Second Thoughts…

A little reflection brings some perspective. We’re 9 back in the loss column. It stinks right now. The Red Sox are playing terribly, the Yankees well enough to beat the Red Sox (and others) and extend their lead. The Red Sox are listless, prone to errors, undisciplined. The Yankees look like division-rival beaters. Francona looks like a serial enabler. Nomar looks like a minor-leaguer. Kevin Millar looks like J-League material. Pedro looks like a Yankee wanna-be.

Big deal.

Would I rather be up nine than down nine? No doubt. Would I rather have reasonable certainty that the Sox are going to be in the post-season than have to sit on pins and needles waiting for a wild card spot, risking utter disappointment? No question. But it’s July 1st. We won’t have a wire-to-wire division race. We won’t have massive Yankees-Red Sox drama during August and September. What we will still have is two teams and their front offices jockeying for available talent. We might have one team trying to offload their former all-star shortstop for a third starter and a farm gem. We will have August and September drama between three or four teams fighting for a vital playoff spot.

And what we still may have is an historic Yankees/Red Sox rematch in the playoffs. This isn’t resignation or concession, but pragmatism. This is simply a realization that the baseball gods no longer rely on division winners to be the champions. So we don’t win the division. If we make the playoffs, all this means is that my pre-season predictions regarding division winners were wrong. The Red Sox need to make the post-season, that’s it. If Yankees fans want to celebrate a division win, by all means they are entitled, whether it’s in July or September. But nobody should write off the Red Sox current sorry play as indication of a lack of October potential, or of inevitable Yankee victory, or of what will be. Ironically, the wild card dilutes the impressiveness of the Yankees’ performance right now. These are nice wins, satisfying I am sure for Bombers fans everywhere, but they might be as fleeting as the current losses turn out to be for the Sox.

William Rhoden, in the midst of a very good column in today’s Times drops one very brief, strong, and I think accurate, piece of criticism:

The only salvation for Yankees detractors is in the postseason, when New York will probably be undone by a team with speed and pitching. The Yankees are not kings of the entire hill, but they dominate half of it.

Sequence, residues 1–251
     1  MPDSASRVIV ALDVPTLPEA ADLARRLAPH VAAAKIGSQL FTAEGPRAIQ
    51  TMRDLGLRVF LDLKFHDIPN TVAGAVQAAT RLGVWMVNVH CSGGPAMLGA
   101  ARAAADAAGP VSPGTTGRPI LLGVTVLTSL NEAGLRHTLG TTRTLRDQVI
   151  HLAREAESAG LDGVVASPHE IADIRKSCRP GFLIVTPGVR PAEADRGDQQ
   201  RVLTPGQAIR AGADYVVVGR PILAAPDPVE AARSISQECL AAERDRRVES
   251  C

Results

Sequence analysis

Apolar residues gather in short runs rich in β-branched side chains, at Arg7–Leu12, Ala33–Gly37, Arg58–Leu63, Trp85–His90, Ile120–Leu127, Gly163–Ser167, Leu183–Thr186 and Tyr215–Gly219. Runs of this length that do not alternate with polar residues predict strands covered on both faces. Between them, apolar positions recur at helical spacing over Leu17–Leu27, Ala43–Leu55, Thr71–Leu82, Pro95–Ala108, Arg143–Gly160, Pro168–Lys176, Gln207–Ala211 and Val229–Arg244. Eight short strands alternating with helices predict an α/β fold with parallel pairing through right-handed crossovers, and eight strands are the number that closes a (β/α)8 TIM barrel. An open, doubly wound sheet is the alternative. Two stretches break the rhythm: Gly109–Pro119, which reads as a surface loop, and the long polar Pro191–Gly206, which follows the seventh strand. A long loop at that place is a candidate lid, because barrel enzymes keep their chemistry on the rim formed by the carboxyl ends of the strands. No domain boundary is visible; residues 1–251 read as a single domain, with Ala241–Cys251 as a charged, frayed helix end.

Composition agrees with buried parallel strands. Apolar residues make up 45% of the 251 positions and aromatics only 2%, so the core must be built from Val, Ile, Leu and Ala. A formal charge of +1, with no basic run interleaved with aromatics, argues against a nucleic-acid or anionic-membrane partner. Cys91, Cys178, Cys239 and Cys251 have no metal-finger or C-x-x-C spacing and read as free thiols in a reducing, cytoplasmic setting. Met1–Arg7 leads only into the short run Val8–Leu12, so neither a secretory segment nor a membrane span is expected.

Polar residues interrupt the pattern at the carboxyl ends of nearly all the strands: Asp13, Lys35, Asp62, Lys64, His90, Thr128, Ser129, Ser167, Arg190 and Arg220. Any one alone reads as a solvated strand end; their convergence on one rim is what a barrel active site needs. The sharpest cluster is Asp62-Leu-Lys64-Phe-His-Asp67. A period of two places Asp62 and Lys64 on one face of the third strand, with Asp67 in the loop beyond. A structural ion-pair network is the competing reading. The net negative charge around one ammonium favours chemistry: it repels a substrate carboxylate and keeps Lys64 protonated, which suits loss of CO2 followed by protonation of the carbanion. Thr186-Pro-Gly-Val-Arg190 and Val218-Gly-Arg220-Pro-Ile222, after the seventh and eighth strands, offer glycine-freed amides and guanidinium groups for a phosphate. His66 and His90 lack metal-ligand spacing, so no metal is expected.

And you know what? Rhoden’s “only salvation” is the only one that really matters.

Chins up, RSN, nothing is decided. All we know is who is more likely to put up a meaningless banner.

Comments on this entry are closed.

  • The AL East banner is not that meaningful but it does give you two worthwhile things heading into the playoffs: home field advantage to a certain degree depending on team’s record (I obviously don’t have to remind SF of the importance of that) and setting up pitching rotation (with the division wrapped up the pitching can be set up for the playoffs; wild card races are usually closer because more teams are in the race and usually don’t allow a manager to have such a luxury).

    JCL (YF) July 1, 2004, 4:44 pm
  • Good point about the rotations. I believe that the significance of winning a division has been diluted by the Wild Card. Division winners should be rewarded moreso than they are – it’s a long slog and one extra home game in a short series doesn’t really register. In fact, if it weren’t for the perilous moves of Grady Little (not influenced by ballpark, I hate to say), then another WC winner would have been in the Series last year. The Yankees didn’t beat the Sox last year because of the rewarded-for-winning-the-division supplemental home game.
    It goes without saying that winning the division is an advantage for the reasons you state, but it’s not a defining one, and it’s far too slight, in this poster’s opinion.
    At the end of it all, the Red Sox should not be written off by people just because they may not win the division over the Yankees. The importance of this series is being overblown, by both Yankee fans and, worse, by Red Sox fans/pessimists.

    SF July 1, 2004, 5:38 pm
  • I think this site is great. i was linked through Lockhart and I thought both of your ‘open letters’ were awesome. keep up the good work!

    zey July 1, 2004, 7:37 pm
  • it’s all about october, but last time I checked, the sox were behind the yanks and also 1.5 back in the wild card race. the a’s, twins and especially the angels aren’t gonna just roll over. if big unit goes to anaheim, big trouble. heck, even tampa bay is only 5.5 out now. sox need to pick it up and start playing like the team they’re supposed to be. still early, though. what’s wrong with nomah?

    cory July 1, 2004, 9:38 pm